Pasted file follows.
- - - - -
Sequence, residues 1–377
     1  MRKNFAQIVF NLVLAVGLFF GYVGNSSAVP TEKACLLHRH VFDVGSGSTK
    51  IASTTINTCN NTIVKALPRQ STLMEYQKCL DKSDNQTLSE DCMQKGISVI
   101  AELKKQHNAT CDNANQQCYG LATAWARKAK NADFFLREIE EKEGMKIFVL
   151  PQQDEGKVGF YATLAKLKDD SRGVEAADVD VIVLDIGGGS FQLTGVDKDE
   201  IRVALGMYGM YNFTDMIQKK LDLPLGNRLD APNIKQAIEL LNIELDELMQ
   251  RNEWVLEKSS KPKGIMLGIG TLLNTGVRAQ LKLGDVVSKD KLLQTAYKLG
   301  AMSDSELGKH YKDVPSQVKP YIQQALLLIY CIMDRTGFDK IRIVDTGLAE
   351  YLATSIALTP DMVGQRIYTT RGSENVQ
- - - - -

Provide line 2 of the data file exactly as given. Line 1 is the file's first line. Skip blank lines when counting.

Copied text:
     1  MRKNFAQIVF NLVLAVGLFF GYVGNSSAVP TEKACLLHRH VFDVGSGSTK